How do you solve a problem like gravity? According to researchers from the Universities of Bristol and Sussex, with 64 miniature loudspeakers.
Writing for Nature Communications, the physicists have created a device that uses high-pitched, high-intensity sound waves to encase- and control – small objects.
"We all know that sound waves can have a physical effect," said Bruce Drinkwater, Professor of Ultrasonics at the University of Bristol. "But here we have managed to control the sounds to a degree never previously achieved."
The device comes in three varieties. One creates an acoustic field which looks like a human hand or a pair of tweezers. Another forms a three-dimensional “cage” around the object, while a third works as a kind of vortex, pulling the object toward the device quicker than the Millennium Falcon to the Death Star.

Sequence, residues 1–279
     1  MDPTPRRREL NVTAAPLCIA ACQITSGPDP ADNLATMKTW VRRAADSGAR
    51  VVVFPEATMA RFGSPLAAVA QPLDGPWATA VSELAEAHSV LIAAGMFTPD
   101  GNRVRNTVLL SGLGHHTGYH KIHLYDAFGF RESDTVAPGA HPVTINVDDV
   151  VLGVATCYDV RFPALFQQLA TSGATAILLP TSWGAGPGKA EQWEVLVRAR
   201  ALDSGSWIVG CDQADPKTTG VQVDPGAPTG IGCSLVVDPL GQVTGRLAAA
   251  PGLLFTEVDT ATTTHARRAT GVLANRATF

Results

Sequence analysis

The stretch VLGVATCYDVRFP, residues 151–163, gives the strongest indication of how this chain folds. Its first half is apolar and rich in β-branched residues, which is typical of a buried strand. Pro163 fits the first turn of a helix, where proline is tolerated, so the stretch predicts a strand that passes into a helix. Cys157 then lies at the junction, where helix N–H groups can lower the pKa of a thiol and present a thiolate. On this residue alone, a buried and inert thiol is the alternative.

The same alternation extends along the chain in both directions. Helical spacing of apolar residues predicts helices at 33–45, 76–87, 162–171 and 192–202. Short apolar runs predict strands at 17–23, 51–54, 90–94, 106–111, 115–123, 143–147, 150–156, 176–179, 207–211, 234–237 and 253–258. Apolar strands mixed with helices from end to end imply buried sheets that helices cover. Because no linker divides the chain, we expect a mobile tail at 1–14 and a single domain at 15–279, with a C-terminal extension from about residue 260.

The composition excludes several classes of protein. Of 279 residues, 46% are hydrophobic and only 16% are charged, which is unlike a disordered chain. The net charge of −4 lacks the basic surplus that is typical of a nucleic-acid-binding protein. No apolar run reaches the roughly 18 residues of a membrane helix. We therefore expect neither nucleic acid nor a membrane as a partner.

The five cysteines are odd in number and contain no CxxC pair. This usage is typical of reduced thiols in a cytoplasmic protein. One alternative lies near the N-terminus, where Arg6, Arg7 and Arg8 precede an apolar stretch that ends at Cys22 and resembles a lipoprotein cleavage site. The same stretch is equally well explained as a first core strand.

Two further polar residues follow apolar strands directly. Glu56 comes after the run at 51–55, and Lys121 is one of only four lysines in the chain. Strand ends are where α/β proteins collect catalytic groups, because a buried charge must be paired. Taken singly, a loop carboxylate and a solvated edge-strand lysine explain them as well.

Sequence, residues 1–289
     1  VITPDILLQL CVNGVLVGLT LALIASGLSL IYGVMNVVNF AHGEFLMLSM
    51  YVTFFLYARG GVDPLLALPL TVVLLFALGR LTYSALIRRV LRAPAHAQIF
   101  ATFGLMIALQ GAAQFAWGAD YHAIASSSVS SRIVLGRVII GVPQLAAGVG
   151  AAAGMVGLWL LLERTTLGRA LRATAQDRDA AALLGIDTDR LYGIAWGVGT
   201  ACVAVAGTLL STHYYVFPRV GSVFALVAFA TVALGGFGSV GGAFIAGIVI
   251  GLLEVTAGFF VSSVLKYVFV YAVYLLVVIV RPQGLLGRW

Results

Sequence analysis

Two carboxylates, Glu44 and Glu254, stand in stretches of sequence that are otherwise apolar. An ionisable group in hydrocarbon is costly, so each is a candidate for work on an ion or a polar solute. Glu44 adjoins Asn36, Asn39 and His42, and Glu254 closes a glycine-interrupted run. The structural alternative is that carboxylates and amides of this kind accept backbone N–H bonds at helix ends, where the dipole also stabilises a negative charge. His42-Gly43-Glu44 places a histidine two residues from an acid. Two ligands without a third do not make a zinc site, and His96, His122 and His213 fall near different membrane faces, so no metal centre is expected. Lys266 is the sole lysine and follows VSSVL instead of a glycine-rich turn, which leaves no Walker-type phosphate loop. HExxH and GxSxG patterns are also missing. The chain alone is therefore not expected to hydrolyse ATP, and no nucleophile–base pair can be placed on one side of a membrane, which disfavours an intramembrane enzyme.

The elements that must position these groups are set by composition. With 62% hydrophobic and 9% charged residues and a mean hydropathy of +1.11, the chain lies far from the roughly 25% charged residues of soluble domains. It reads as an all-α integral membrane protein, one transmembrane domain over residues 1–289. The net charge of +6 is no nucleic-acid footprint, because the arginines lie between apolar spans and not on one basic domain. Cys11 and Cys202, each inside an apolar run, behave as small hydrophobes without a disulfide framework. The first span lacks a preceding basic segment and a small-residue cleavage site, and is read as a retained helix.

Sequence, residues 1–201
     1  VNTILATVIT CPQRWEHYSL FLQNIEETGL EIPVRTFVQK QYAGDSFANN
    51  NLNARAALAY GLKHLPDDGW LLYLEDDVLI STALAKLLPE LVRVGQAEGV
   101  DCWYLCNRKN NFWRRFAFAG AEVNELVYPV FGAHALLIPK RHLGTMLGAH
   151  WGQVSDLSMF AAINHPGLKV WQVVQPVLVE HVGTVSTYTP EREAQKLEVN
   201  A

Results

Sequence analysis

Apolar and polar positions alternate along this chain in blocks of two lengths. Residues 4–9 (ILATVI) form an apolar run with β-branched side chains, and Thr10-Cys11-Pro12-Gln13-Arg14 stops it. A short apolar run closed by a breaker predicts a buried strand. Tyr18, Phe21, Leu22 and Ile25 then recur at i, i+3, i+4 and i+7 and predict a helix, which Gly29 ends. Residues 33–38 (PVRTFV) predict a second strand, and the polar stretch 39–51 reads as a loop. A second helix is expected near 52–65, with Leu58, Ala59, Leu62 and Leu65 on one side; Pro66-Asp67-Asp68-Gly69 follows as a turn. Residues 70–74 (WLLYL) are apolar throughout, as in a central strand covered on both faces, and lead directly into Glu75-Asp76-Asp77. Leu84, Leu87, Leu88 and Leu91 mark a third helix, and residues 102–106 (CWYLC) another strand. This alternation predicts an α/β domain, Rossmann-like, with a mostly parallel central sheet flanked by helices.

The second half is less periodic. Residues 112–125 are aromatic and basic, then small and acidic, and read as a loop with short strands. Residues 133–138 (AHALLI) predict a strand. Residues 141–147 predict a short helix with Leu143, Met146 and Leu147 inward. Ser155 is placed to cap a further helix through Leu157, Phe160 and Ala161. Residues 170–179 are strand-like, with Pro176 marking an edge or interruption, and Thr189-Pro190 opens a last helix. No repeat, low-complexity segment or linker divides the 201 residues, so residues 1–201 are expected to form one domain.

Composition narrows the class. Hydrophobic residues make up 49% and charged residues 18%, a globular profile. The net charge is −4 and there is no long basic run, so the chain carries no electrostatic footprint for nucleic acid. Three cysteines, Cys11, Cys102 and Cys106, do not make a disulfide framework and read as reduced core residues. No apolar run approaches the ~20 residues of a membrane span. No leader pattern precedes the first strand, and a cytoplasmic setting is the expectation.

"In our device we manipulate objects in mid-air and seemingly defy gravity," said Sriram Subramanian, Professor of Informatics at the University of Sussex. "Here we individually control dozens of loudspeakers to tell us an optimal solution to generate an acoustic hologram that can manipulate multiple objects in real-time without contact."
The team sees a wide range of uses for the technology, once perfected. It could, for example, be used in the assembly process of particularly delicate objects. Using tractor beams, workers could handle items without actual physical contact.
NASA has also expressed interest in a magnetic tractor beam which it could use to manipulate small, CubeSat satellites in Earth orbit.
"It was an incredible experience the first time we saw the object held in place by the tractor beam," said Asier Marzo, the study’s lead author. "All my hard work has paid off, it’s brilliant."
We’re still a long way from being able to sonically transport anything larger than a pea. But it’s certainly an impressive proof of concept.